By Joy Moton | Reporter and Brianna Bassett | Reporter
Trumpeters played a moving piece, cyclists from Minnesota took a silent ride in solidarity and choir members sang a tribute song. Bands from other universities paid their respects and massive groups of students and faculty throughout the Baylor community united to pay tribute to one young man: David Grotberg.
Grotberg was a sophomore honors student from Fergus Falls, Minn., who died in a hit-and-run accident on Oct. 6.
There was something peculiar that stood out among all of the tributes: members of the Honors Residential College wore orange bandanas. This item of clothing is significant and comes with a story about the young man who inspired its presence.
During an intense game of Humans vs. Zombies, students had been seeking shelter all day until finally they saw home from afar. The intense version of tag was simple: stay human and avoid getting turned into a zombie. As they got closer to the building, they noticed six figures posted in front of their haven. The individuals wore bold orange bandanas on their heads in rebellion, daring the students to come near the Honors Residential College. Then they saw him and knew all hope was lost. The alpha zombie himself, Grotberg, tagged the students out of the game.
This game always seemed to end with Grotberg rallying his team in triumph over the remaining humans. Hence, the orange bandanas were a symbol that captured the essence of who Grotberg was.
“Everybody put on orange bandanas on their heads just to pay homage to the ultimate alpha zombie – the guy who really is the beginning and the end of what it means to be the best at the game,” said Springfield, Mo., sophomore Noah Ward, a friend of Grotberg and fellow honors student.
As shown through his passion for the game, this determined young man turned many of his activities into a demonstration of his relentless resolve to excel beyond the norm. Grotberg’s friends described him as distinctive. Grotberg seemed to stand out in everything he did. He could even stand out in a crowd of over 300 band members.
“He played the trumpet, and they said that you could always spot him in the band,” said Katy senior Jamie Wheeler, one of Grotberg’s friends. “Whenever everyone had their trumpets lifted up, his would be lifted up a little higher. I feel that really encapsulates a lot about him.”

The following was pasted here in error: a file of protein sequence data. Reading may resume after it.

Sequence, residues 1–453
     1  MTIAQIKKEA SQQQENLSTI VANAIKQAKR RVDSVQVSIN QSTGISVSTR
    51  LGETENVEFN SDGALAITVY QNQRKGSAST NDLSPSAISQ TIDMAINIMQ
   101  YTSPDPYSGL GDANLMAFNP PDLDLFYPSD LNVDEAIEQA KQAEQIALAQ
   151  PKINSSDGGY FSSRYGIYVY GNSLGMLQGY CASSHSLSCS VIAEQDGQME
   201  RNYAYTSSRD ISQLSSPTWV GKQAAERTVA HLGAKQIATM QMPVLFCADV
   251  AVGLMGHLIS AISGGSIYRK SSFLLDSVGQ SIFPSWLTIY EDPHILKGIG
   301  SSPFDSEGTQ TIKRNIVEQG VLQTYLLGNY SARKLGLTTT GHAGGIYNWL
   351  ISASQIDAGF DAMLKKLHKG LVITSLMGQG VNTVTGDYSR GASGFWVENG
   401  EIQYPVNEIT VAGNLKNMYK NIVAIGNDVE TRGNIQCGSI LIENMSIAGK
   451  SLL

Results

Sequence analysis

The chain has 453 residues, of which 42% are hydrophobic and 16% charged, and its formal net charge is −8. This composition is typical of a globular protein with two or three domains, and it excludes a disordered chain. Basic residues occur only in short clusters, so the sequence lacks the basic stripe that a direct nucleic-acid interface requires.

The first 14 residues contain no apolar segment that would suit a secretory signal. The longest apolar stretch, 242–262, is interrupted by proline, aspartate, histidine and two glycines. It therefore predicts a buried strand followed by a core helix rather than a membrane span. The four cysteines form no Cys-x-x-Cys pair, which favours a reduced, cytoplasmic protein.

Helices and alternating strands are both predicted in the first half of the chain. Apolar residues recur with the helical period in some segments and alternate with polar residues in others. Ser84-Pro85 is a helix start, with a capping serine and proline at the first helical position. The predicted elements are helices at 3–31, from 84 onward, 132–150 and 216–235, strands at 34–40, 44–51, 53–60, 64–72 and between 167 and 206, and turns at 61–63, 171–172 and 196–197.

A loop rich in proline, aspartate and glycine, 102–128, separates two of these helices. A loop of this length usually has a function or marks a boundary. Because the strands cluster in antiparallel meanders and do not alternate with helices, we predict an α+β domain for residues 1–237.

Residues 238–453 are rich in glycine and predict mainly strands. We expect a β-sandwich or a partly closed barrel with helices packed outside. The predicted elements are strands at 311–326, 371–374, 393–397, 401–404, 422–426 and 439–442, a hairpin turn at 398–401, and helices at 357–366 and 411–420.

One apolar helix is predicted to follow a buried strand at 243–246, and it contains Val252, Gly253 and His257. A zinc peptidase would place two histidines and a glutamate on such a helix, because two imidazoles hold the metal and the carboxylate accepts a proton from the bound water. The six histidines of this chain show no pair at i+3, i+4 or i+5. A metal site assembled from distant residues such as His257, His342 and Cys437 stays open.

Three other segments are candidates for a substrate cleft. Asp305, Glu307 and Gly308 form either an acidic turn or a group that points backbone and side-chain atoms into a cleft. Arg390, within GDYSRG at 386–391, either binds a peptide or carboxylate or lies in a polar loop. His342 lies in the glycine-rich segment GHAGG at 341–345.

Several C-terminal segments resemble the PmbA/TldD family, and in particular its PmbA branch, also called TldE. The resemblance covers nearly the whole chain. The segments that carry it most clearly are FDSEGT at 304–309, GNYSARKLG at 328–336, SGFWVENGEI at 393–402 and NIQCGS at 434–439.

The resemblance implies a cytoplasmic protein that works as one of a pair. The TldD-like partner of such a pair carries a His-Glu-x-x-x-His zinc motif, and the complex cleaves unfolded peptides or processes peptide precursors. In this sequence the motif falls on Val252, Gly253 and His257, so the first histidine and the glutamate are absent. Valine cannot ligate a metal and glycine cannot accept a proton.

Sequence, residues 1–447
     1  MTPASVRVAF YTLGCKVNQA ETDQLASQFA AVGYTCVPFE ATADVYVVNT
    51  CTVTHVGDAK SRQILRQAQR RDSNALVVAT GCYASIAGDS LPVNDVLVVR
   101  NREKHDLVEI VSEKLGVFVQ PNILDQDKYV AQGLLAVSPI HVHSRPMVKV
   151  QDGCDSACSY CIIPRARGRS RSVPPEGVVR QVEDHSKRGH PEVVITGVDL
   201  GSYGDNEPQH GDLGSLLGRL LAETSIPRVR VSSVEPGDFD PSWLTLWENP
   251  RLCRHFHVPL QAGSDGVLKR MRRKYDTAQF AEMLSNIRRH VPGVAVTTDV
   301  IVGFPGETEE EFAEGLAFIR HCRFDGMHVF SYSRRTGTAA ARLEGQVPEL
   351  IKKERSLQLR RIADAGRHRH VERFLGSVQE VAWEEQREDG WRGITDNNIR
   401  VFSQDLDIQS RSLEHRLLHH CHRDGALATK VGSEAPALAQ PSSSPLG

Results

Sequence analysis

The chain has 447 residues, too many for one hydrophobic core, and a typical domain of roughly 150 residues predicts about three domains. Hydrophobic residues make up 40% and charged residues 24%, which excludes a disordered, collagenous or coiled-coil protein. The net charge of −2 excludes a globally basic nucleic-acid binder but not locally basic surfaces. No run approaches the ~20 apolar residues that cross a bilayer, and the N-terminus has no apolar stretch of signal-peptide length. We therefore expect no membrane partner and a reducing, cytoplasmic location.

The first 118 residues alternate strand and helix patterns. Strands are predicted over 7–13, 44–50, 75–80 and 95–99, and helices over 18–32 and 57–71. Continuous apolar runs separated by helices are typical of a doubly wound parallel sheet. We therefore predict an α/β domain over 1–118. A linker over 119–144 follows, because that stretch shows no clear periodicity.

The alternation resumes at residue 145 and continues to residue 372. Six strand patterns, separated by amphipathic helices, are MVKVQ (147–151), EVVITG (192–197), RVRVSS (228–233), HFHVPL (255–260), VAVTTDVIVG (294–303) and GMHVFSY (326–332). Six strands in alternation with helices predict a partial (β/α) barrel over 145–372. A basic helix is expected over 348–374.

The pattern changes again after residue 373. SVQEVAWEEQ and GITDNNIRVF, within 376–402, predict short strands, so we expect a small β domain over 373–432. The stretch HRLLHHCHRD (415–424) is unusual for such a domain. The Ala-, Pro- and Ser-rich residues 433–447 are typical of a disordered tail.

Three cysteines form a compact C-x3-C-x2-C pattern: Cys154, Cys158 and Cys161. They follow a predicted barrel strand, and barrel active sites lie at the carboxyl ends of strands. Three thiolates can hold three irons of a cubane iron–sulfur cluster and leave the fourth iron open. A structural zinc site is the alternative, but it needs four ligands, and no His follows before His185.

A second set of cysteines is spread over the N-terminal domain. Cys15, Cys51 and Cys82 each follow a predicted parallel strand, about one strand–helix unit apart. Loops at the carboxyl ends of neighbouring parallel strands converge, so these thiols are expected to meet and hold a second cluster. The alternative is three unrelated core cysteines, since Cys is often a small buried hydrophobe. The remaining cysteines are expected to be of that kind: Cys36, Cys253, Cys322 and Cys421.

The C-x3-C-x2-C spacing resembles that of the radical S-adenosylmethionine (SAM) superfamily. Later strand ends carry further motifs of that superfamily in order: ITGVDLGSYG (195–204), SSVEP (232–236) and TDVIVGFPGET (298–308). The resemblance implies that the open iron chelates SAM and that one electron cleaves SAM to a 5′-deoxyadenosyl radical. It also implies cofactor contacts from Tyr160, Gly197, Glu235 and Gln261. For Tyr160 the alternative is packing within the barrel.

As a member of the Honors College, Baylor’s Interdisciplinary Core, the Golden Wave Marching Band and the Ballroom Dancing Society, Grotberg was always on the move. Ward noticed that he was constantly involved, even when it seemed impossible.
Ward described seeing Grotberg in the lobby of Alexander Hall, socializing and doing homework late at night, and waking up to find him dressed and ready to take on the next day.
“He was up later than I was and he was getting up before me,” Ward said. “It was absolutely crazy to see his sheer determination to keep doing what he loved, which was learning and to be involved with people.”
Still, Grotberg found time for his favorite activity: building relationships. He could be found in the lobby of Alexander Hall waiting for people to interact with, playing a game of pool with Ward or encouraging his peers to join him in his extroverted life.
Waco senior Andrew Baas, one of Grotberg’s close friends, said his favorite memory of Grotberg was the way he shared his sense of style. As Baas prepared for the Honors Residential College’s annual Fall Ball, he wore a nice button down, slacks and a sweater. He left for the ball content with his outfit until he heard a voice from down the hall say, “Now where do you think you’re going?”
“I turned around to see David dressed to the nine: nice suit, matching tie,” Baas said. “David looked up with his apparent disappointment with what I chose to wear.”
When Baas told Grotberg he didn’t have a suit, Grotberg searched all through the residence hall until he found someone with one that fit him.
“He helped me put together my wardrobe for the evening,” Baas said. “I can still remember the look on his face, the look of pride that he was able to get me a suit but also the pride of a somewhat younger brother that was able to learn something new.”
Whether through Humans vs. Zombies, a game of pool or something as simple has dressing well for a special occasion, Grotberg is remembered as one who refused to give anything less than his best.
“I think more than anything else, that encapsulates David – the idea of giving 100 percent at absolutely everything,” said Davie, Fla., senior Daniel Notman, Grotberg’s former community leader.
The various communities Grotberg left behind can attest to the legacy of his unwavering faith. Even through this difficult time of grief, they reflect on his confidence in God and find hope.
“I have found it comparatively easy to believe that God really does know what he is doing because I think about what David would say and how certain he would be that God knows what he is doing and that this is all going to be made right someday,” Wheeler said.
Baas said he will remember a lot of things about David, but above all, he will never forget Grotberg’s admiration for God.
“David loved his God with all of his heart, soul, mind and strength and true to that he loved his neighbor as himself and he was the epitome of actually doing good things instead of talking about doing good things,” Baas said.
Despite his death, Grotberg’s legacy continues on, inspiring individuals within the communities he was a part of. Nothing captivates the narrative of Grotberg’s life more than these words of Noah Ward:
“He was a cyclist going 100 miles an hour, but if you looked long enough, you could see him flash by and the smile on his face with that,” Ward said.